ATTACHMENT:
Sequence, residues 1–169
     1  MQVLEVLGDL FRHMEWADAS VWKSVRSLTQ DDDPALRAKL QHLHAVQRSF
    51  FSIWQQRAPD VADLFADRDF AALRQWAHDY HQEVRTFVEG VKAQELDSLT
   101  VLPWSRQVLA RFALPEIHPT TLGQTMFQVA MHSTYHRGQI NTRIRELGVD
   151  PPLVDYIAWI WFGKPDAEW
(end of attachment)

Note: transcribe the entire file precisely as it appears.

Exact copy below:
Sequence, residues 1–169
     1  MQVLEVLGDL FRHMEWADAS VWKSVRSLTQ DDDPALRAKL QHLHAVQRSF
    51  FSIWQQRAPD VADLFADRDF AALRQWAHDY HQEVRTFVEG VKAQELDSLT
   101  VLPWSRQVLA RFALPEIHPT TLGQTMFQVA MHSTYHRGQI NTRIRELGVD
   151  PPLVDYIAWI WFGKPDAEW